Acclaimed Indigenous actor David Gulpilil has been honoured at the eighth annual Vision Splendid Outback Film Festival.
His lifetime contribution to Australian cinema is now cemented in history with a star on Hall of Fame in central west Queensland.
Mr Gulpilil's 50-year contribution to Australian cinema was celebrated on the main drag of Winton, Elderslie Street.
The Vision Splendid Outback Film Festival opened on Friday with the film My Name is Gulpilil.
It was there festival director Mark Melrose spoke of Mr Gulpilil's unwavering strength and presence. It added fuel to the voice of Indigenous Australians on the big screen, he said, and broke stereotypes across Australia's film industry.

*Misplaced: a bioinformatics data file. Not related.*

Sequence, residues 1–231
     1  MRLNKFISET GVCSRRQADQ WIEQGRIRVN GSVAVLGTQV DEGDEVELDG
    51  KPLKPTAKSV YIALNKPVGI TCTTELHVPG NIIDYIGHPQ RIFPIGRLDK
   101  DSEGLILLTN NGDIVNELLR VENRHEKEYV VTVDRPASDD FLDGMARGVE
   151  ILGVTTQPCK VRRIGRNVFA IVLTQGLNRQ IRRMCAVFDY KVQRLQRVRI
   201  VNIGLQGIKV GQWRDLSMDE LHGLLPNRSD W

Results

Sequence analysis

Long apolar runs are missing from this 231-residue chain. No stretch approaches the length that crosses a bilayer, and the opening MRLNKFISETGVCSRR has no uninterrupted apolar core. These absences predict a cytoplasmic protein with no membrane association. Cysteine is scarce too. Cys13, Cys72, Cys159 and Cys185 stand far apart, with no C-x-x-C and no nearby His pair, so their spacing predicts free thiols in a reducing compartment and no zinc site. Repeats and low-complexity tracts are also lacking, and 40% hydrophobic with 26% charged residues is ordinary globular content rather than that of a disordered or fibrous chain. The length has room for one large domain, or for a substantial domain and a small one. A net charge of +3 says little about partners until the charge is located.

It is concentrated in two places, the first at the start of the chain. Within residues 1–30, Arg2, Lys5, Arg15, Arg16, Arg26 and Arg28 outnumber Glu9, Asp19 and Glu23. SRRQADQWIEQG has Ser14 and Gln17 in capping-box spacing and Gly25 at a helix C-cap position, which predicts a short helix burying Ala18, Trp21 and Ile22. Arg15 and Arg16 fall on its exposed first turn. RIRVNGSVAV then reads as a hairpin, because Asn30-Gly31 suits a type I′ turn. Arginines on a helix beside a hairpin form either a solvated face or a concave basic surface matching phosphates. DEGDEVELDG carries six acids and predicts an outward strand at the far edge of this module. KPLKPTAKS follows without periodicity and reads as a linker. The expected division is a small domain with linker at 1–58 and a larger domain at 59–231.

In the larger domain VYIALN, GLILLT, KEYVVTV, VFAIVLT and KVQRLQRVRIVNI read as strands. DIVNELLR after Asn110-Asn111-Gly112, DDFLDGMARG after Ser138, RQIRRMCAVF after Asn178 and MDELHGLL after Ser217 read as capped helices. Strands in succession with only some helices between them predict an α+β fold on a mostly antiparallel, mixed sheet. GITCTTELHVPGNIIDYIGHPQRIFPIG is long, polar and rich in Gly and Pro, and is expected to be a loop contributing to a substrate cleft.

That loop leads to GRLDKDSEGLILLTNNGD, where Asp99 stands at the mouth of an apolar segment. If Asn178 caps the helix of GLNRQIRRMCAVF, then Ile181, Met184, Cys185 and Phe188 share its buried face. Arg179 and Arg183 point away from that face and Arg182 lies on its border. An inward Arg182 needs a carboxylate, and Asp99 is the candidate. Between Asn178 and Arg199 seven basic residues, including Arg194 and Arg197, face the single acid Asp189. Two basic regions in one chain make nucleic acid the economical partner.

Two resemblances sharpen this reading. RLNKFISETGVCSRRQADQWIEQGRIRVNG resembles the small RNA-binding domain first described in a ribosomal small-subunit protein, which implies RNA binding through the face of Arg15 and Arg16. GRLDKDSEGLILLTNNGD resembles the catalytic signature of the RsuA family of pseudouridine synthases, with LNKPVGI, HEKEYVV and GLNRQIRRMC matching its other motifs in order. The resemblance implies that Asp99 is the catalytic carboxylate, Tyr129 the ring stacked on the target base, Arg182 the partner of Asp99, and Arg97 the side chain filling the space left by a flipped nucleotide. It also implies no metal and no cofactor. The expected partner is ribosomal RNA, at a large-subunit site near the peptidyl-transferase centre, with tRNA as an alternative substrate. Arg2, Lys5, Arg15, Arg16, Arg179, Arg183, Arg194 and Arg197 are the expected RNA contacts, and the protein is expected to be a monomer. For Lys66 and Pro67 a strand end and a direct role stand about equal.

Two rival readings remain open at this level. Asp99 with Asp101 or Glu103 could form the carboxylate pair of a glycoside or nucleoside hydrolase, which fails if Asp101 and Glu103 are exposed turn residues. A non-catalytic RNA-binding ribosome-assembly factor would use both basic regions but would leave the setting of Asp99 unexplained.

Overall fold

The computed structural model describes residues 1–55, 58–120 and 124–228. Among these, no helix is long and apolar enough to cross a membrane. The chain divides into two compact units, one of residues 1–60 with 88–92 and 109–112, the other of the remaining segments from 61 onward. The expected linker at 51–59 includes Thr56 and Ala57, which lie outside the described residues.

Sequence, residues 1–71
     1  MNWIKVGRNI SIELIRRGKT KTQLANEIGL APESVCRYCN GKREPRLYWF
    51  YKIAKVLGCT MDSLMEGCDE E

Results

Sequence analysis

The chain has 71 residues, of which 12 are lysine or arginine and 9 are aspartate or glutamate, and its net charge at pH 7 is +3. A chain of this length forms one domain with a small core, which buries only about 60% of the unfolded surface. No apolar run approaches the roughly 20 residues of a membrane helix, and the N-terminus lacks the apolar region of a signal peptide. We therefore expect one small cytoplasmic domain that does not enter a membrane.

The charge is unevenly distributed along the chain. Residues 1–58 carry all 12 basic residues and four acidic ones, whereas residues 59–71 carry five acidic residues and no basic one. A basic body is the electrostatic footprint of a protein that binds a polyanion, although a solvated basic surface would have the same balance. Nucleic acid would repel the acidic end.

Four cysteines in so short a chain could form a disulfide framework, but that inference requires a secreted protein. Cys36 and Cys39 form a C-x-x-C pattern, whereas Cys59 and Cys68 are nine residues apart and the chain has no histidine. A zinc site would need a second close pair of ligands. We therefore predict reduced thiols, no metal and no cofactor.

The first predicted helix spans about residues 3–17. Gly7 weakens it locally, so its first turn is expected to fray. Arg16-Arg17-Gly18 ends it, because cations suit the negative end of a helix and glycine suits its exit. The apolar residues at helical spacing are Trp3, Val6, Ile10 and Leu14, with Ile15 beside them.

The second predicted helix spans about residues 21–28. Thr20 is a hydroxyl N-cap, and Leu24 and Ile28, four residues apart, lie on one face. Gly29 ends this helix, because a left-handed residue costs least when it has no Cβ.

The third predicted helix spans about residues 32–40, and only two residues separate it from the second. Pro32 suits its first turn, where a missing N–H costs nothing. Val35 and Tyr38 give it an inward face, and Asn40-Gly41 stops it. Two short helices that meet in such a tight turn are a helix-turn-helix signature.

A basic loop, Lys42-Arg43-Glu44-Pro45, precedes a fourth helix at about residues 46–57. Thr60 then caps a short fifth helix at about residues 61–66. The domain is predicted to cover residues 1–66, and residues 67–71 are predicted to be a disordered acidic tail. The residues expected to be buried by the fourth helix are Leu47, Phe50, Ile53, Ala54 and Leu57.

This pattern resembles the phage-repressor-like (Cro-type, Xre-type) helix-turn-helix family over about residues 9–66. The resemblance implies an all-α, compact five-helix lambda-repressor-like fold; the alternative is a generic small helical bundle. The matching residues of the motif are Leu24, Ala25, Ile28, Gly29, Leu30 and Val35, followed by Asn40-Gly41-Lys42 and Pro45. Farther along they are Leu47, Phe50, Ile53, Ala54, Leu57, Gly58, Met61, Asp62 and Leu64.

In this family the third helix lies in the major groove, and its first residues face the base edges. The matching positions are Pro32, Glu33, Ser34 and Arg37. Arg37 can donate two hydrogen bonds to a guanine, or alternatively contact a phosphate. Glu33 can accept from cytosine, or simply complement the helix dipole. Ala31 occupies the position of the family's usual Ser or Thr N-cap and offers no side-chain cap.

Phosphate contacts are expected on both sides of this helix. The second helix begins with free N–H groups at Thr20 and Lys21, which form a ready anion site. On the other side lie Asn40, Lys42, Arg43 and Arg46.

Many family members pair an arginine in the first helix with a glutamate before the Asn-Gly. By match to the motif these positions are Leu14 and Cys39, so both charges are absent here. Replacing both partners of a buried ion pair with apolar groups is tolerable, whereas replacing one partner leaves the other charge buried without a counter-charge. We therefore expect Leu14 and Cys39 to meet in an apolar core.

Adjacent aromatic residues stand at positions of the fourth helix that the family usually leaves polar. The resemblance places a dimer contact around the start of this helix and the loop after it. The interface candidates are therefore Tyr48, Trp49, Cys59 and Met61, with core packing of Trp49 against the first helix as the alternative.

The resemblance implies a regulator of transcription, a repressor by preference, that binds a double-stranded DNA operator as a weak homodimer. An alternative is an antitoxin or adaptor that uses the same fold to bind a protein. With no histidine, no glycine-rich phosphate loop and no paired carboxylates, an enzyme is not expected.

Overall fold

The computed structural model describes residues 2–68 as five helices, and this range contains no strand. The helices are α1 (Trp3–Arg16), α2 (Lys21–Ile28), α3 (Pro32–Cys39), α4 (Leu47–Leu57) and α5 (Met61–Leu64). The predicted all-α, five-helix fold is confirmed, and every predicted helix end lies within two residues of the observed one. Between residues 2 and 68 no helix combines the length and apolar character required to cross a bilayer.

"David Gulpilil inspired a whole generation of Indigenous talent - some who were able to see their community represented on the big screen for the first time and realise a career in cinema was attainable," Mr Melrose said.
"His star on Winton's Walk of Fame will pay respect to his 50-year career in Australia's film industry and enduring and powerful presence both on and off the screen.
"His latest film and intimate documentary, My Name is Gulpilil will also open this year's festival and give punters a glimpse into his incredible life."
Mr Gulpilil is the sixth star to be named in Winton's Walk of Fame and will join renowned actors Steve Le Marquand and Roy Billing, director Ivan Sen, film critic Margaret Pomeranz and former Winton mayor Butch Lenton.
For personal reasons, Koa Elder and good friend, Michael Mace accepted the star on his behalf.